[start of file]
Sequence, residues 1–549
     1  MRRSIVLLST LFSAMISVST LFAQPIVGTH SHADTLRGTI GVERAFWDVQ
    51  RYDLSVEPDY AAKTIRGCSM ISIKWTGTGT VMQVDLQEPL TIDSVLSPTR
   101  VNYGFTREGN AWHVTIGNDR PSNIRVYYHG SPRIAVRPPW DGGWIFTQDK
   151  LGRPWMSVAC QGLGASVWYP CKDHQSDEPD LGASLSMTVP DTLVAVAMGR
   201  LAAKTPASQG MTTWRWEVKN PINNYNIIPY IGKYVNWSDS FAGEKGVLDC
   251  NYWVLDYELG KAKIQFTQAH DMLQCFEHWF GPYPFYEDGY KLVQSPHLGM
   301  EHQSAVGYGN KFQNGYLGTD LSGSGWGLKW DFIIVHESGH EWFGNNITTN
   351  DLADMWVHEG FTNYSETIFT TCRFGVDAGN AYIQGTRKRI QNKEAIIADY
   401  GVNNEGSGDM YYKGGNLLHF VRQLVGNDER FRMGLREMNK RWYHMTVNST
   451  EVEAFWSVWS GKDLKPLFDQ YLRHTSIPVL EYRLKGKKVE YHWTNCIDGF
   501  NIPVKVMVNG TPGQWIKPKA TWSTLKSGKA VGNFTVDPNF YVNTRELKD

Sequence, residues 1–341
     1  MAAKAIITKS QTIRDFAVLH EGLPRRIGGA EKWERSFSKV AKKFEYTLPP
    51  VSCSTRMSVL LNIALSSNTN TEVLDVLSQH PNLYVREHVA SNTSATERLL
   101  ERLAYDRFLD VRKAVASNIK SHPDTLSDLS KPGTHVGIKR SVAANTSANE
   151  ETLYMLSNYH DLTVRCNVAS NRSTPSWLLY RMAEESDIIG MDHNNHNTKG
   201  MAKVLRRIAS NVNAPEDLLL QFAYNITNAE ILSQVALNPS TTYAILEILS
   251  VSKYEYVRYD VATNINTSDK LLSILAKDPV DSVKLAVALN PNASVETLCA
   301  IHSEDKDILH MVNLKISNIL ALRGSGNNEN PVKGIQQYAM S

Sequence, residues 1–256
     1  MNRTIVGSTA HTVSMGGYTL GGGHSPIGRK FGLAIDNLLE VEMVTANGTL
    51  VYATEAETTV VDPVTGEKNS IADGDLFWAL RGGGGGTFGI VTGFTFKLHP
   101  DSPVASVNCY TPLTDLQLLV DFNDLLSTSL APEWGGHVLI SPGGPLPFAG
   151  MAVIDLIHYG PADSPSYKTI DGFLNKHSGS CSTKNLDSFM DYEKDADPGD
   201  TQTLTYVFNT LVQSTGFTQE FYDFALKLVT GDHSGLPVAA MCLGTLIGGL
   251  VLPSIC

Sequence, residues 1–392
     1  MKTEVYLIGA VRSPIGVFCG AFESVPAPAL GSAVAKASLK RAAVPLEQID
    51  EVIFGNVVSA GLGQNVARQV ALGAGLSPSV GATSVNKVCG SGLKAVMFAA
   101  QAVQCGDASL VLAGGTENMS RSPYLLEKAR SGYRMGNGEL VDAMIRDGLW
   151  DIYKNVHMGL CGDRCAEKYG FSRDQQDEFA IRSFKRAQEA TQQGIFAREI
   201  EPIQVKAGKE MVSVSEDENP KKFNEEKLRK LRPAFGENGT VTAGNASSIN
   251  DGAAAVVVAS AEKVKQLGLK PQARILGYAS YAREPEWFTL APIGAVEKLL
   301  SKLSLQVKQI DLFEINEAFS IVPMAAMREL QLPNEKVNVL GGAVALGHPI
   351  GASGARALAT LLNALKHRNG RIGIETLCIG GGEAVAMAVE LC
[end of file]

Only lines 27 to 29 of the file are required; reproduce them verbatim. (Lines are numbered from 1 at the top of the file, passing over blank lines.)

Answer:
   251  VLPSIC

Sequence, residues 1–392
     1  MKTEVYLIGA VRSPIGVFCG AFESVPAPAL GSAVAKASLK RAAVPLEQID